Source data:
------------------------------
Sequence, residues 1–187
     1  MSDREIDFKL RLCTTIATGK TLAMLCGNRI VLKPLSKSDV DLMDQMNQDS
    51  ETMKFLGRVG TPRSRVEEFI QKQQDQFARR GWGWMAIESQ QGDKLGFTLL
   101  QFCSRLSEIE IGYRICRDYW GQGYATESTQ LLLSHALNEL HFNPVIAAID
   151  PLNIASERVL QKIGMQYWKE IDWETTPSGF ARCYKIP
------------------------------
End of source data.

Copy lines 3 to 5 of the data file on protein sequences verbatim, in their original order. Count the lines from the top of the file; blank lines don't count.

    51  ETMKFLGRVG TPRSRVEEFI QKQQDQFARR GWGWMAIESQ QGDKLGFTLL
   101  QFCSRLSEIE IGYRICRDYW GQGYATESTQ LLLSHALNEL HFNPVIAAID
   151  PLNIASERVL QKIGMQYWKE IDWETTPSGF ARCYKIP